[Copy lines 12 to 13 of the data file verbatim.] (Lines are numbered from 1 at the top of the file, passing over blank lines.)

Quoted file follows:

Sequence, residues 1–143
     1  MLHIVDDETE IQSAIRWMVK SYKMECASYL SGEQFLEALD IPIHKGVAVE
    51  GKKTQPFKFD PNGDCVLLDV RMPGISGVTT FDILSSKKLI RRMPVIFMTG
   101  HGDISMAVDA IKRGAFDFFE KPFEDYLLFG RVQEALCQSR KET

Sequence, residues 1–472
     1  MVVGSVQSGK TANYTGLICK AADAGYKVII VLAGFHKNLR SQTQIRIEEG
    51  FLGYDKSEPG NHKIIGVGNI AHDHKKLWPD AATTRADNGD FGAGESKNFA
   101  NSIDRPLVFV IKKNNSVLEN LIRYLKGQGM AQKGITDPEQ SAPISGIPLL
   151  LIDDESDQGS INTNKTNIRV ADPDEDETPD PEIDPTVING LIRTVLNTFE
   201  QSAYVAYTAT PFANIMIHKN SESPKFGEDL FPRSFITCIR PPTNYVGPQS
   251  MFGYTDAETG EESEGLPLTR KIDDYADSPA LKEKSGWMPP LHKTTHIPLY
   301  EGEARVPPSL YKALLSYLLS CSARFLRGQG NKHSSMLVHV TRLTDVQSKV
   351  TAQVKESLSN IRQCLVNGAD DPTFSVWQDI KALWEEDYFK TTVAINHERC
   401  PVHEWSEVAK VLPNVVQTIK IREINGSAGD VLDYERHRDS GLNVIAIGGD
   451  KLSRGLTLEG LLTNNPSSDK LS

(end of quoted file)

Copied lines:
   301  EGEARVPPSL YKALLSYLLS CSARFLRGQG NKHSSMLVHV TRLTDVQSKV
   351  TAQVKESLSN IRQCLVNGAD DPTFSVWQDI KALWEEDYFK TTVAINHERC